Using my money or a hard money lender?

11 Replies

I recently decided that Id like to start Fix/Flipping in Las Vegas area. I sold my CA SFH and my AZ Investment property which netted me about 250k. Should I use my own money to start purchasing and rehabbing or a hard money lender? Any advice is great advice at this point.

What do you think?

Thanks in advance

I go opposite debt is good when used for real estate investments especially at the right numbers...  It's all about leveraging your money man.. Why close on just one when you have enough to get two or three done 

I would use my own money!

You only make a deal when you KNOW it is a good deal, so that eliminates a lot of potential things going wrong.

Thi is about making money with the minimum amount of risk right?

Other people's money is expensive, so you make less money.

The risk issue... you can do a lot to minimize the risk. So if you then look at the facts, using your own money is the better option!

Originally posted by @Erik Schneider :
@Jerryll Noorden that makes perfect sense. If I were to use my own money then I’d be more risk averse rather than buying whatever I can get my hands on.

 Yup, exactly. That too yes!

@Erik Schneider I'll counter point and say, use hard money. Think of it this way... you find a great deal, use your own money, then realize that you made a $30k error, and it's now a bad deal that you'll lose money on. There was no one to say "what about this?". With a hard money lender, you have someone else, and likely a team of people looking at the deal, making sure it makes sense. They won't lend you money unless they agree with you that it's a good deal. I would like the second and third set of eyes on my deals, especially until I have more experience.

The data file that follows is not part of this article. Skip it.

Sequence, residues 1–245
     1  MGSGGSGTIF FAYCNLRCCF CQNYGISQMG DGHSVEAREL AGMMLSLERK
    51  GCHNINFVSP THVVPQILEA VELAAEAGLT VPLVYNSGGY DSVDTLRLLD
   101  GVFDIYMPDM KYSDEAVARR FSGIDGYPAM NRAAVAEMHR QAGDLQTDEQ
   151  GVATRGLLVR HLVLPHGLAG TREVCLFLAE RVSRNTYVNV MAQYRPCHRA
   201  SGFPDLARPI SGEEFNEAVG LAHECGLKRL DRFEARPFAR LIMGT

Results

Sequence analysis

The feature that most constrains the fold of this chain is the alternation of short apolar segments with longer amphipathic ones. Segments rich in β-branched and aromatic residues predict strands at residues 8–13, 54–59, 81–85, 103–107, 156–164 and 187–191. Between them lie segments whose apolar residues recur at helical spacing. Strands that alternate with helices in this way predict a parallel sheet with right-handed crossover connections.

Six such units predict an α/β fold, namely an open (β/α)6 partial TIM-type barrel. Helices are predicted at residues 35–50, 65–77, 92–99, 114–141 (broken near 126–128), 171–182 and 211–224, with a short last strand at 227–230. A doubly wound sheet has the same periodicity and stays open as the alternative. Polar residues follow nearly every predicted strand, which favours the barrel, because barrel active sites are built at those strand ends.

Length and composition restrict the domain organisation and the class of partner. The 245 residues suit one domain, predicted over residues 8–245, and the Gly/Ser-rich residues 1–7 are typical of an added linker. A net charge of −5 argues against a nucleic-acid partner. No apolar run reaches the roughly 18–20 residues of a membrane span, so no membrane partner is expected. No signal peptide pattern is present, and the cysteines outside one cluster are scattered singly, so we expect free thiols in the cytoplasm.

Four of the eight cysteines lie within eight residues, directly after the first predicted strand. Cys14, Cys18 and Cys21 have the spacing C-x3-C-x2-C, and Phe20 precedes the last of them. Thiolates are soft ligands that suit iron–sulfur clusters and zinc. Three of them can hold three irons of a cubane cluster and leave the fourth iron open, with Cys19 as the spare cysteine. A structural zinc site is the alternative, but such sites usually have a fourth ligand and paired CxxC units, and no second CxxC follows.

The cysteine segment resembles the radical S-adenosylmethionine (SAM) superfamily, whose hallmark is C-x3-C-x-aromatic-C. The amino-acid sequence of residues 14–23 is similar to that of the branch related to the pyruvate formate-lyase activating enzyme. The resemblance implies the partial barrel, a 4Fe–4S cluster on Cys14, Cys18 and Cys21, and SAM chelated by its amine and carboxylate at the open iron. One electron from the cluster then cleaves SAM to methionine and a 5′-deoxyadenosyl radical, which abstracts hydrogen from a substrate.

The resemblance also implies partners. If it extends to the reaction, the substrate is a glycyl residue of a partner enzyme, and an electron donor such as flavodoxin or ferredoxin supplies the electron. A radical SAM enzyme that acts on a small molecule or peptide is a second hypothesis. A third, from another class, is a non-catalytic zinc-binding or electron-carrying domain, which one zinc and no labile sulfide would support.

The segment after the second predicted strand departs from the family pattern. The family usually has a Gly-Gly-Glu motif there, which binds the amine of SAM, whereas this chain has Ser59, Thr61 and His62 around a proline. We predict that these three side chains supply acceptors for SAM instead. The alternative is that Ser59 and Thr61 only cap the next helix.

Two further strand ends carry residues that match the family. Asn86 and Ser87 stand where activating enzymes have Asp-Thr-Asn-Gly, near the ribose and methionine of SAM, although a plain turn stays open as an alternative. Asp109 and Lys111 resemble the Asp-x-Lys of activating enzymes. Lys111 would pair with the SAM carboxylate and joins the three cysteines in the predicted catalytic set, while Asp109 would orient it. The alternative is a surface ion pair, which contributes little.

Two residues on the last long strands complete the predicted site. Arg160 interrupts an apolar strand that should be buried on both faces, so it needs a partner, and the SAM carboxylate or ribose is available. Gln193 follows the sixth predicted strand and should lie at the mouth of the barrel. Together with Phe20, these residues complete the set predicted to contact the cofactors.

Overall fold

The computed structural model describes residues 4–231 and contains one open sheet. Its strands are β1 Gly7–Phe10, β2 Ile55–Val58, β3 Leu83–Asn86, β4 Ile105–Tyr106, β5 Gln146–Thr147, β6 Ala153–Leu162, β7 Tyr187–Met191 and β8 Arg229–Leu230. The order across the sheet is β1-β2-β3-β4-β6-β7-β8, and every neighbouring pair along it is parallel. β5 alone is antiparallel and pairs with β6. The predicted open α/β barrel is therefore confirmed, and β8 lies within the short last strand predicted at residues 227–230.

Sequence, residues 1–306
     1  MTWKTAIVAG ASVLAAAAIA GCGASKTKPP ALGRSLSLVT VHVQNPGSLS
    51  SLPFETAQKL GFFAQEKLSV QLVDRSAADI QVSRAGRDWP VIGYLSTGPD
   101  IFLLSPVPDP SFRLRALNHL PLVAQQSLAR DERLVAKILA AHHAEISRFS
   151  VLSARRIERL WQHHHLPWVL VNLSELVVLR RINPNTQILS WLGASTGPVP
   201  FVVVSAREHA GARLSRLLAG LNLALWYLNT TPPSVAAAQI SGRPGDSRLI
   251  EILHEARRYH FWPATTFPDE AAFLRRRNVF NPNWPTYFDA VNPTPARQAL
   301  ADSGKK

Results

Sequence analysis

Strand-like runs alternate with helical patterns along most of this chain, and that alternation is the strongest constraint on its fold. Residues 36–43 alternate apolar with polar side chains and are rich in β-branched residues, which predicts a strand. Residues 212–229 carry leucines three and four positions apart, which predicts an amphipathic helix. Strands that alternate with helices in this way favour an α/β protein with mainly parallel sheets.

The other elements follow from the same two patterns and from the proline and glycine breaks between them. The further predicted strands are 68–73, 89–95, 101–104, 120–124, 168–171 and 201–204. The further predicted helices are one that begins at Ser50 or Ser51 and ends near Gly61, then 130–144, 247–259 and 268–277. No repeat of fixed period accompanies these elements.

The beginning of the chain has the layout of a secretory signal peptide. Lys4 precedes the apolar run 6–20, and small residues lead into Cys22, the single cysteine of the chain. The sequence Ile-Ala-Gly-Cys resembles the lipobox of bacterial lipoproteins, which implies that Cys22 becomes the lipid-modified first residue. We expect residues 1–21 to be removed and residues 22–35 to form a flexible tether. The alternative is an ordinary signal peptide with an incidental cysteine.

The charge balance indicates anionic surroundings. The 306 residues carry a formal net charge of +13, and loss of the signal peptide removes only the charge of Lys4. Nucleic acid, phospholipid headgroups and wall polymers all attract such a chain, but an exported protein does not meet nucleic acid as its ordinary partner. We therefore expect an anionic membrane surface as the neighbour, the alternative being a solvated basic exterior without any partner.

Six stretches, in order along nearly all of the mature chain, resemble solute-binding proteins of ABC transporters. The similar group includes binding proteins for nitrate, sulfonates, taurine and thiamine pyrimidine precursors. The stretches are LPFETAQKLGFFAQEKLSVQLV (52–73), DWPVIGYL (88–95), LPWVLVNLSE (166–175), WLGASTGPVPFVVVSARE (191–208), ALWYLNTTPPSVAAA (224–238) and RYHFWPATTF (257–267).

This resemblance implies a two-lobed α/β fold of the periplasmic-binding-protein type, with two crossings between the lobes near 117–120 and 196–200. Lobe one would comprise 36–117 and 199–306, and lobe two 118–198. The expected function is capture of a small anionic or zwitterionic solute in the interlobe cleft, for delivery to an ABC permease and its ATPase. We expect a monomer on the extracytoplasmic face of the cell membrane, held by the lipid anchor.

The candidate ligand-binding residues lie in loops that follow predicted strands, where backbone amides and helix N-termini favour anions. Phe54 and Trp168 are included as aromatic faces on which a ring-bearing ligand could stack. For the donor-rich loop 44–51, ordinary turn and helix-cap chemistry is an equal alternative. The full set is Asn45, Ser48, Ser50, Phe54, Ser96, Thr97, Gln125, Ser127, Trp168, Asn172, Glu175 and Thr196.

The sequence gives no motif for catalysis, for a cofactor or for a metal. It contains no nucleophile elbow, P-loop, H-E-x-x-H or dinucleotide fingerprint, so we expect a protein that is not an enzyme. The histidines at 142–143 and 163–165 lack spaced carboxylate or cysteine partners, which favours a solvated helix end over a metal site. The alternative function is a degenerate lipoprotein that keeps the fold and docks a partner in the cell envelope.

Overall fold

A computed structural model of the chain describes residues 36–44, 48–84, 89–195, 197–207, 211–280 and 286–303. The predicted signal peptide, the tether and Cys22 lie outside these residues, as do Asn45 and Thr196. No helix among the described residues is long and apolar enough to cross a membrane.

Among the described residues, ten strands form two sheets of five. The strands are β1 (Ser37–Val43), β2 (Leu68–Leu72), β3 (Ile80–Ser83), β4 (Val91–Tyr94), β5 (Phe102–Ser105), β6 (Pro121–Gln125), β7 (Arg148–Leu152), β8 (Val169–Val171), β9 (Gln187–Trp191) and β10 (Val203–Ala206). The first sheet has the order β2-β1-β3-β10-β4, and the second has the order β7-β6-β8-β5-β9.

Originally posted by @Jason D. :
@Erik Schneider I'll counter point and say, use hard money. Think of it this way... you find a great deal, use your own money, then realize that you made a $30k error, and it's now a bad deal that you'll lose money on. There was no one to say "what about this?". With a hard money lender, you have someone else, and likely a team of people looking at the deal, making sure it makes sense. They won't lend you money unless they agree with you that it's a good deal. I would like the second and third set of eyes on my deals, especially until I have more experience.

that's a good point if you don't have much experience in fix flip, and you're in one of the most competitive markets in the country at moment, and you sold some longterm holds.....and you have cash to dig self out of mistake.. 

Hi Erik. I fully believe in the power of leveraging your money. That being said, hard money loans are pretty expensive and I would suggest pursuing a bank loan instead if at all possible. 

@Matt Berklacy it’s tough to hear that it’s as competitive as it is, but I feel like it will make me a smarter investor understanding how tight margins can be in a competitive market like Vegas and the surrounding areas. You think?
@Erik Schneider , I think the word “expensive” is relative to the investor and the deal We’re a private money fund and we have clients who are fix and flippers. There are programs for seasoned flippers with good liquidity and the rates/costs are reasonable to them and they work for their projects & financial goal. Liquidity is one of the factors that lenders look for in a sponsor. So if you plan to do few flips, I don’t suggest you use all your money. Use some of it and leverage the rest. A seasoned flipper in your area may be able to give you better advice but from a financial standpoint, if you can turn around the property real quick, you can cut the financing and carrying costs significantly. This way, you are able to maintain liquidity and proceed with your project. If you have a good team and plan, you may do few of these at the same time. I see it all the time with our clients here in CA. Hope this helps.